Bangladesh: Military called in as political crisis continues

Troops were deployed throughout Bangladesh on Sunday 11 December supposedly to “maintain law and order”, according to a Presidential order.

The army is now patrolling the main streets and squares and guarding the most important buildings and installations. This deployment has once again raised the fear of a military take over in the country. It seems that military is one step away from taking over complete control. If violent clashes road blockages and protest demonstration continue for the next few weeks, it most likely that generals will step in and impose martial law. The military is also preparing an operation against the most active political workers of opposition parties. It seems that situation is out of control of the President and he feels insecure without the protection of military.

The president called the military in when the opposition alliance announced plans to besiege the Presidential palace to push the interim government to fulfill its promises. Now the opposition alliance has called off the march and the plan to besiege the Presidential palace. However the president refused to return troops back to barracks. Former Major General Syed Muhammad Ibrahim declared this move by the president “premature and dangerous for the political future of the country”. He said “We can rule out the possibility of martial law at the moment but our history shows that if the situation remains the same then military rule is on the cards”. Another defence and political analyst says “This is not martial law at the moment, but we can not rule it out. At present the military’s immediate task is to suppress the protest demonstrations and to restore the crippling authority of the interim government headed by the president”.

Imperialism’s concerns

The US and other imperialist powers have shown their concerns about the situation. American and British diplomats are running around the capital Dhaka to calm down the situation. They have met both president and opposition leaders to solve the weeks’ long political crisis. They are trying to force the military generals and president not to impose martial law immediately. For them, this step will further aggravate the already volatile political situation.

British High Commissioner Anwer Choudhury said “I hope the military presence in Dhaka will be temporary and not lead to point of no return. We are deeply concerned with the political situation that can put in danger not only political stability, but also social and economic stability of the country”.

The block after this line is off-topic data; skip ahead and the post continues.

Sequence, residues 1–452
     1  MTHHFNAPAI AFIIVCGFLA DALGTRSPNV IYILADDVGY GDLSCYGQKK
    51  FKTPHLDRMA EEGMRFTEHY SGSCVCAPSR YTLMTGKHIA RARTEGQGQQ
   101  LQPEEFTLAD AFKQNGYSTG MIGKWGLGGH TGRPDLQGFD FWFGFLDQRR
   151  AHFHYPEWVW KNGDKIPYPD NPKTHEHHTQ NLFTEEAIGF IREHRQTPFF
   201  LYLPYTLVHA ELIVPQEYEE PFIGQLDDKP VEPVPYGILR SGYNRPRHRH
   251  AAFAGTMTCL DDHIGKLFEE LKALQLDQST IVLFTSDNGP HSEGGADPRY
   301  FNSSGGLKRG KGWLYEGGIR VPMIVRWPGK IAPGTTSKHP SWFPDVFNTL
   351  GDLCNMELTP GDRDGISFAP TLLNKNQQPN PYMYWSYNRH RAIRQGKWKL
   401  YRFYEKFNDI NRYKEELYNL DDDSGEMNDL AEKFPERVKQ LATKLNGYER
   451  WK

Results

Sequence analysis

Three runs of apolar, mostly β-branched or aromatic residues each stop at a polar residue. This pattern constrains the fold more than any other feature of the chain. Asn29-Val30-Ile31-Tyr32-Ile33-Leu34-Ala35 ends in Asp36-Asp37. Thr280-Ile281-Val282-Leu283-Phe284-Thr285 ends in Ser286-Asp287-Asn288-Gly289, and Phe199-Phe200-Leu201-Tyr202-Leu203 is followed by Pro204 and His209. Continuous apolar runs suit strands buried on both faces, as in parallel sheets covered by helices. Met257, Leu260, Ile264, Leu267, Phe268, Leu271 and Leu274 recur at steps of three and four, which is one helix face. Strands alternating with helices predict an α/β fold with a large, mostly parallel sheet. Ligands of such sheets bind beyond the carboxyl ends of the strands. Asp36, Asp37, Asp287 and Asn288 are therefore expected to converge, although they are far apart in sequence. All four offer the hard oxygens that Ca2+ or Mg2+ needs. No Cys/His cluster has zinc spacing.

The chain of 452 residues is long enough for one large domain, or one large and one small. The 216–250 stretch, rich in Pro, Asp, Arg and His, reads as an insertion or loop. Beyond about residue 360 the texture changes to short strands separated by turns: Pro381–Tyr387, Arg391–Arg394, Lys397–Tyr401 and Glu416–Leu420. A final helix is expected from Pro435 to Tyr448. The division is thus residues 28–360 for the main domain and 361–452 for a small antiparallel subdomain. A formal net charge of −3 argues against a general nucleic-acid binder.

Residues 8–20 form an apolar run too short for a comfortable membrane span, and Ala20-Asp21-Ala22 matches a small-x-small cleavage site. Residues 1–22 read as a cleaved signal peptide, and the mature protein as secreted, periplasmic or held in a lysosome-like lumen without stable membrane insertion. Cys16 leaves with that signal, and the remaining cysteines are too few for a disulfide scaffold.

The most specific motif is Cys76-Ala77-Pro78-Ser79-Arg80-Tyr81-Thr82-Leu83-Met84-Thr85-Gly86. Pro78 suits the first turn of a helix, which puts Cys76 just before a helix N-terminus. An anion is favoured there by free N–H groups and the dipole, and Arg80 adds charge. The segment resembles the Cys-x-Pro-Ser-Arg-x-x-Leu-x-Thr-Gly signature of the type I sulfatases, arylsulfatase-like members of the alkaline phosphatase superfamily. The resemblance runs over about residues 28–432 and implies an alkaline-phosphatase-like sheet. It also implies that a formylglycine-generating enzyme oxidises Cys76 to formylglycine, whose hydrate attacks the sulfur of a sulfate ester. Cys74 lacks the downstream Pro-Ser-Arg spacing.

American ambassador Patricia A Butenis said, “The situation is not healthy. We are encouraging the major parties to narrow their differences to end the crises. Issues related to the elections are fundamentally political and therefore require a political solution. A military intervention will make things worse and complicated. We have made it very clear to all sides that we will not support any step towards chaos and instability. The interim government is pushing the situation in that direction”.

It is becoming clear that US imperialism want to see opposition leader Hasina Wajid back in power. For them, she would be a close ally in the war on terror and will take more brave and bold steps to counter the rising tide of Islamic fundamentalism. US imperialism are clearly siding with Hasina Wajid and trying to force the interim government to fulfill all its promises before the January 23 general elections, as demanded by opposition parties.

US imperialism realises that the elections could result in the nightmare situation of the out-going 4 party alliance winning the elections. This would mean that the new government would include the main fundamentalist party Jamat-e Islami. The victory of this alliance would mean a further strengthening of Islamic extremism, which is not in the interests of US imperialism at the moment. US imperialism is also worried that a potential military takeover would increase the influence of the Islamic hardliners within the army.

Democratic rights in danger

The military deployment has endangered democratic and fundamental rights of the people. The government has already imposed a ban on demonstrations and public rallies in the main streets of Dhaka. The military has a history of repression and mass scale human rights violations. During the last major deployment in 2002, more than 70 people, mostly political activists, died in military custody, after being arrested for interrogation. State repression and excessive use of power is already on the rise. The previous government led by Khalida Zia established a special paramilitary force to suppress workers’ strikes and pickets. This force has become notorious for shooting peaceful protesting workers. More than 800 workers, mostly textile and garment workers, were seriously injured by state forces during strikes and pickets. These special forces have developed the habit of indiscriminate shooting and use of teargas and baton charges to injure the protesters to create fear so discouraging people to protest against the government. The previous coalition government introduced new laws to restrict workers’ rights to strike and protest. If the military decided to impose martial law, this will further increase the violations of basic democratic and human rights.

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December 2006